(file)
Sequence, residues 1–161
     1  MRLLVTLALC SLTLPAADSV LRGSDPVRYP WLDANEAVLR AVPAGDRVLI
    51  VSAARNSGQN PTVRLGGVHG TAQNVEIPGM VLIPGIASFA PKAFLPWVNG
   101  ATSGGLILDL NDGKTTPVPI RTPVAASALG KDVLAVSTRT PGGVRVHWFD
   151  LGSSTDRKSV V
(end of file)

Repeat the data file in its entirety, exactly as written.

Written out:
Sequence, residues 1–161
     1  MRLLVTLALC SLTLPAADSV LRGSDPVRYP WLDANEAVLR AVPAGDRVLI
    51  VSAARNSGQN PTVRLGGVHG TAQNVEIPGM VLIPGIASFA PKAFLPWVNG
   101  ATSGGLILDL NDGKTTPVPI RTPVAASALG KDVLAVSTRT PGGVRVHWFD
   151  LGSSTDRKSV V